Plant of the Week: October 19, 2017

Photo: Turk’s cap in this eclectic old McKinney garden is in full bloom currently.

Turk’s Cap Triumphs in Fall
Our featured plant this week has actually been putting on quite a show across Texas the past several weeks. We know it as Turk’s cap. Botanically it’s Malvaviscus drummondii, and it’s native across a broad band of Central and South Texas east across the South, also in Cuba and Mexico. It’s usually found along stream banks and at the edges of woodlands. It grows equally well in calcareous limestone soils and sandy lands, too.

Photo: You can see Turk’s cap’s relation to hibiscus by a quick glance of its blooms.

By looking at its flowers you can see that this plant is out of the hibiscus clan, but its flowers are spiraled, like rolled sheets of red paper. They never really open, but that doesn’t slow down the hummingbirds. They’re attracted to Turks cap like teenagers are drawn to their phones. And, another significant difference: Turks cap grows and blooms well in partial to fairly heavy shade.

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Turks cap dies to the ground with the first hard freeze in the fall, but the clumps reemerge each spring, getting bigger and fuller with each passing year. By summer, the blooming has started, and it will continue right up to frost. The plants grow to 4 to 5 feet tall and wide, although a more compact form is also sold. You’ll occasionally see pink- and white-flowering forms in nurseries. A variegated type offers not only flowers, but also interest through foliage.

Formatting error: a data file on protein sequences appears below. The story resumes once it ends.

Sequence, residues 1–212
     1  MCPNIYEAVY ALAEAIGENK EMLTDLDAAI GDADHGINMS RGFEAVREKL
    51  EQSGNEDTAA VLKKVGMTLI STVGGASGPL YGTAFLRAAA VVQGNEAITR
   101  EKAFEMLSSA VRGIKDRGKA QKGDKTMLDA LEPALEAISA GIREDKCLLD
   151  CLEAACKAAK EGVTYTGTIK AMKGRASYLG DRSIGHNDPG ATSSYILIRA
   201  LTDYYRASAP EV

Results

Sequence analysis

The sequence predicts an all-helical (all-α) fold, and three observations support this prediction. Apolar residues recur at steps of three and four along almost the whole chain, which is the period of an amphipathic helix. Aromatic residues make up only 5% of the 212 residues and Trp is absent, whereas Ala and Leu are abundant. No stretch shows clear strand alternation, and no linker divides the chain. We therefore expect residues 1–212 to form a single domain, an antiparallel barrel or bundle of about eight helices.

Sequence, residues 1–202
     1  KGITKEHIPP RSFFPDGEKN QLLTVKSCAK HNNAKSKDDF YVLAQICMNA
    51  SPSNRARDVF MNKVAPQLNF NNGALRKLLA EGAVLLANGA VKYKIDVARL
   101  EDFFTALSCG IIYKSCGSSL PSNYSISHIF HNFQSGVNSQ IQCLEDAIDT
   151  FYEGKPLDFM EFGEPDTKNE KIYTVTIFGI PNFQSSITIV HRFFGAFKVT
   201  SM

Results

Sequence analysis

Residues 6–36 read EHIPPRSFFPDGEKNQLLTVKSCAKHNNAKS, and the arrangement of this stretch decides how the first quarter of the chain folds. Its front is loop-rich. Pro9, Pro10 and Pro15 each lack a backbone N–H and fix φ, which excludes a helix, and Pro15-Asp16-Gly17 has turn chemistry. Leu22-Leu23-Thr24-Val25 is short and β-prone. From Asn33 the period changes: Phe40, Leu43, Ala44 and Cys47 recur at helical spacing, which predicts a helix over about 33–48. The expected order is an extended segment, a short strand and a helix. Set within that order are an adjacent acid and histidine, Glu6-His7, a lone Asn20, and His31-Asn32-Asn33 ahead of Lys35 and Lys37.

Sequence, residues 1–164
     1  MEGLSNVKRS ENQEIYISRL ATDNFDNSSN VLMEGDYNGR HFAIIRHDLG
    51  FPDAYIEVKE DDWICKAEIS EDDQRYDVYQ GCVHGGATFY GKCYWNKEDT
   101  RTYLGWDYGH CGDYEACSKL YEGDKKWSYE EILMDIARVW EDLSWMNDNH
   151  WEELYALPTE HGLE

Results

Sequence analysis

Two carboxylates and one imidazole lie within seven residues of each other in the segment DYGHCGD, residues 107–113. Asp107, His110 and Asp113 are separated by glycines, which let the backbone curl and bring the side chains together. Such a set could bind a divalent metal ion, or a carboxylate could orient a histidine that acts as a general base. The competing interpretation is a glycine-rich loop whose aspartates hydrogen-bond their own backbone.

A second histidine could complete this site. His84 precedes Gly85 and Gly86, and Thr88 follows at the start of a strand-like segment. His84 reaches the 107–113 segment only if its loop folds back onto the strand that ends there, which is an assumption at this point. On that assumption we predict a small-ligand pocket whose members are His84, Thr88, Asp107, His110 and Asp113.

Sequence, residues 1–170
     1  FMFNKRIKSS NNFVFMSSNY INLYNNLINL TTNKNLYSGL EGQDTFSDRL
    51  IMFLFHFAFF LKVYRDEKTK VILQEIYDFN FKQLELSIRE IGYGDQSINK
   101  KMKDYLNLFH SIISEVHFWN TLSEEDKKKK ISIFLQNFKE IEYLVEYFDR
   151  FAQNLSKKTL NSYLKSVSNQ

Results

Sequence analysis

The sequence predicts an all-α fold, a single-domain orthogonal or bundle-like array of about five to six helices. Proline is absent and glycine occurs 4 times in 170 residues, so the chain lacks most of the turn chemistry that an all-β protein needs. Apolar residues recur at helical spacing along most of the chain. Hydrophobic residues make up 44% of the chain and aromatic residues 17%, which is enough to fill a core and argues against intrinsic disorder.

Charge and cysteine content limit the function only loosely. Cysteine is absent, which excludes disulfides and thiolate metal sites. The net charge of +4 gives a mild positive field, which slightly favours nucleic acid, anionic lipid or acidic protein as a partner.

Photo: Pink Turk’s cap is uncommon but attractive. Red species form is in the background.

How you grow it…
Plant Turk’s cap in the back of the perennial garden, probably toward an end that extends back beneath shade trees. Allow it ample room to grow and fill in. They do best in well-prepared garden soil to which you’ve added generous amounts of organic matter and rototilled to a depth of 12 or 14 inches.

Turk’s cap can be dug and divided in fall, but honestly, it’s easier just to buy vigorous transplants in spring. The plant has become mainstream, so you’ll have no trouble finding the species. The unusual types may present more of a challenge, so when you run across them while you’re out shopping don’t pass over them or you may end up regretting it.

Posted by Neil Sperry
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